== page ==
Helen Melville Smith moved to Leafield, Oxfordshire in 1934, she died there in August 1973 and was buried close to her mother and husband.

Notes

1. Local knowledge holds that what is now simply a corner house was indeed the shop which Smith's mother (and later father) kept. Some locals can still recall witnessing the conversion of the shop into a house. In the 1851 Hanley Directory, Edward Smith of Well Street is listed as a shopkeeper. What used to be an alleyway (a "back") alongside the shop is now an open narrow road since the rest of the street has been demolished and flats built. The address is: 51 Well Street, Hanley.
2. From the 1851 Census:

Edward Smith: Head of Household: Married: Age 46: Potter: Born Hanley
Catherine Smith: Wife: Married: Aged 42: Grocer: Born Stoke
Edward John Smith: Son: Aged 1: Born Hanley
? Hancock: Daughter: Aged 16: Milliner and Dressmaker: Born Tunstall

References and Sources

The Times (London) 29 April 1931, Death Notice (Eleanor Smith)
Death Certificate of Eleanor Smith
British Census 1851

Credits
Phillip Gowan, UK
Mark A. Neels, USA
Richard Thornburgh, UK

Pictures

Captain Smith and barzoi

(1912) 

CAPTAIN SMITH AND BARZOI

 
Captain and Crew

(1911) 

CAPTAIN AND CREW

 
Die Woche (Germany), April 20 1912

(1912) 

DIE WOCHE (GERMANY), APRIL 20 1912

 
Captain Smith committed suicide

(1912) 

CAPTAIN SMITH COMMITTED SUICIDE

 
Titanic leaving Belfast

(1912) 

TITANIC LEAVING BELFAST

 
Captain Smith and launch of Titanic

(1912) 

CAPTAIN SMITH AND LAUNCH OF TITANIC

 
Mrs Smith, Captain Smith's widow

(1912) 

MRS SMITH, CAPTAIN SMITH'S WIDOW

 
Captain Edward John Smith

(1912) 

CAPTAIN EDWARD JOHN SMITH

 
Captain Smith and Jack Phillips

(1912) 

CAPTAIN SMITH AND JACK PHILLIPS

 
Captain Edward John Smith on Olympic

(1911) 

CAPTAIN EDWARD JOHN SMITH ON OLYMPIC

 
Portrait of Captain Edward John Smith on RMS Olympic

(1911) 

PORTRAIT OF CAPTAIN EDWARD JOHN SMITH ON RMS OLYMPIC

 
Captain Smith on board the Majestic

(1903) 

CAPTAIN SMITH ON BOARD THE MAJESTIC

 
Captain Smith's Signature

(1906) 

CAPTAIN SMITH'S SIGNATURE

 
COMMANDER OF THE ILL FATED TITANIC

(1912) 

COMMANDER OF THE ILL FATED TITANIC

 
Captain Smith with Purser McElroy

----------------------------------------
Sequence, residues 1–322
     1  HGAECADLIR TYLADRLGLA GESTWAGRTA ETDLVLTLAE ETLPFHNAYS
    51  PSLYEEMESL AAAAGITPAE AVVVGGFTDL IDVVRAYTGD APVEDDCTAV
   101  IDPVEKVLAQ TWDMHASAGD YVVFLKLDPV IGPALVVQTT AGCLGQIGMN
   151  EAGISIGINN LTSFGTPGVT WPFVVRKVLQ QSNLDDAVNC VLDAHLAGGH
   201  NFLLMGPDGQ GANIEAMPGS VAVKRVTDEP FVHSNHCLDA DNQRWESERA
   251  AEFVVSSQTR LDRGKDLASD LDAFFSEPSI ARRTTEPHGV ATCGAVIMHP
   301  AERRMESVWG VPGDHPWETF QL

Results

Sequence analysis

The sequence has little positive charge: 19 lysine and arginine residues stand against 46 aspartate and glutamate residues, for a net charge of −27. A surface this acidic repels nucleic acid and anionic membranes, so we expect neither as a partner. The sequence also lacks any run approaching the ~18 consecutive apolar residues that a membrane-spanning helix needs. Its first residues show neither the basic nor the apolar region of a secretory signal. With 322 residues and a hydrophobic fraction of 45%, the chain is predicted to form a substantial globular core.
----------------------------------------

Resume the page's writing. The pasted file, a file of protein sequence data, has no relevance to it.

(1912) 

CAPTAIN SMITH WITH PURSER MCELROY

 
Captain Smith in the 1890s

(1890) 

CAPTAIN SMITH IN THE 1890S

 
Captain Smith on the Bridge of the Titanic

(1912) 

CAPTAIN SMITH ON THE BRIDGE OF THE TITANIC

 
Captain Smith with Lord Pirrie of Harland and Wolff

(1912) 

CAPTAIN SMITH WITH LORD PIRRIE OF HARLAND AND WOLFF

 
Henry Wilde and Captain Smith

HENRY WILDE AND CAPTAIN SMITH

 
Captain Smith's Extra Master Certificate

CAPTAIN SMITH'S EXTRA MASTER CERTIFICATE

 
Smith in Starboard Bridge Wing Cab

SMITH IN STARBOARD BRIDGE WING CAB

 
'Captain Smith' and boy on bridge

'CAPTAIN SMITH' AND BOY ON BRIDGE

 
Edward John Smith with dog

(1912) 

EDWARD JOHN SMITH WITH DOG

 
Captain Smith on bridge of Olympic or Titanic

CAPTAIN SMITH ON BRIDGE OF OLYMPIC OR TITANIC

 
Last known photograph of Captain Smith

(1912) 

LAST KNOWN PHOTOGRAPH OF CAPTAIN SMITH

 

Articles and Stories

WIDOW OF TITANIC'S COMMANDER IS DEAD

New York Times  (1931) 

WIDOW OF TITANIC'S COMMANDER IS DEAD

 
Shies Boats Under Capt. Smith

Chicago Tribune  (1912) 

SHIES BOATS UNDER CAPT. SMITH

 
The View from the Caronia

(1926) 

THE VIEW FROM THE CARONIA

 
Captain's Suicide on the Bridge

The Witney Gazette  (1912) 

CAPTAIN'S SUICIDE ON THE BRIDGE

 
Captain Smith Believed Titanic To Be Unsinkable

Washington Times  (1912) 

CAPTAIN SMITH BELIEVED TITANIC TO BE UNSINKABLE

 
3,000 ON THE ADRIATIC

New York Times  (1907) 

3,000 ON THE ADRIATIC

 
White Star Officials Scout Seeing of Smith

The Washington Times  (1912) 

WHITE STAR OFFICIALS SCOUT SEEING OF SMITH

 
MORGAN DINNER RECALLED

Chicago Tribune  (1912) 

MORGAN DINNER RECALLED

 
GET GIANTS OF THE SEA

New-York Tribune  (1910) 

GET GIANTS OF THE SEA

 
Captain E. J. Smith Memorial

The Times  (1913) 

CAPTAIN E. J. SMITH MEMORIAL

 
[There are 97 more items in the Edward John Smith document archive]

Videos

Film of Captain Smith (1911)  FILM OF CAPTAIN SMITH  
Film of the Olympic (1911)  FILM OF THE OLYMPIC  

External Links

Titanic Town - Crosby, Merseyside's links to the Titanic and other ships TITANIC TOWN - CROSBY, MERSEYSIDE'S LINKS TO THE TITANIC AND OTHER SHIPS  
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    (2014) Edward John Smith Encyclopedia Titanica (ref: #1374, accessed 20th October 2014 12:19:33 PM)

    URL : http://www.encyclopedia-titanica.org/titanic-victim/edward-john-smith.html